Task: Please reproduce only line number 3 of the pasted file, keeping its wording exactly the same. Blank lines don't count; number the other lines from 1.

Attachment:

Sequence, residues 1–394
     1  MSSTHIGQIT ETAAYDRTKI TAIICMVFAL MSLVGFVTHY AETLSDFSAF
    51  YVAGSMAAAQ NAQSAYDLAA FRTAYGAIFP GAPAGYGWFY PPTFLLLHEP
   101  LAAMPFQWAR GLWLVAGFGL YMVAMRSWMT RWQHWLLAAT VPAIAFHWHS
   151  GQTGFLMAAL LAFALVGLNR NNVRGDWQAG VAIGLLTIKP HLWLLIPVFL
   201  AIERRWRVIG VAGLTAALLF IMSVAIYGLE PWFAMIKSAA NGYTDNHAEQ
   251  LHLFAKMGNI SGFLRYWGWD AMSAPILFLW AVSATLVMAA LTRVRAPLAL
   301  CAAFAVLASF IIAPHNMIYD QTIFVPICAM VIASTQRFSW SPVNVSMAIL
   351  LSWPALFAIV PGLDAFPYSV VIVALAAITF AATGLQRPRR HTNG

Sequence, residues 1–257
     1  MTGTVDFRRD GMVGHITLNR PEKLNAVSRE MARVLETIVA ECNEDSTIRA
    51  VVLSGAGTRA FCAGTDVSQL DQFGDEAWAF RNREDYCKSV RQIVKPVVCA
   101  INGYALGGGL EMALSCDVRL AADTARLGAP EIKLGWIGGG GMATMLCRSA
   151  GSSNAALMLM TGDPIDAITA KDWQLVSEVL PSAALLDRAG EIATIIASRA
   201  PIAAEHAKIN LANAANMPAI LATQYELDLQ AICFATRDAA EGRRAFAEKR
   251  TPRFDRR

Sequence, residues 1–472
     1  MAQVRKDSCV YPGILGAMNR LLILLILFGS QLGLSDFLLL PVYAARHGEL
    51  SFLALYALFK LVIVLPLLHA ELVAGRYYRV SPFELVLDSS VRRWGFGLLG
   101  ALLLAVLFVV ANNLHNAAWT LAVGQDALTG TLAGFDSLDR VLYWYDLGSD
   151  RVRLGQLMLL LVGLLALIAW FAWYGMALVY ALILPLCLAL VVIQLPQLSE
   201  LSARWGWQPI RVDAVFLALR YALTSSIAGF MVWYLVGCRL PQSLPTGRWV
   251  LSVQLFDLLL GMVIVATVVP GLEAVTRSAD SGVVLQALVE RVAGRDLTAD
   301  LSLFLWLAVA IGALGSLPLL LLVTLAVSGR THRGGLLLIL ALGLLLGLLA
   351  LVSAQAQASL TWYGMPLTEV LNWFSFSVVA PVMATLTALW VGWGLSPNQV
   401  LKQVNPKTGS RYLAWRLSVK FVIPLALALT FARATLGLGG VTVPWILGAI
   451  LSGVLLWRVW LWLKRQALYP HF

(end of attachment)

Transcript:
    51  YVAGSMAAAQ NAQSAYDLAA FRTAYGAIFP GAPAGYGWFY PPTFLLLHEP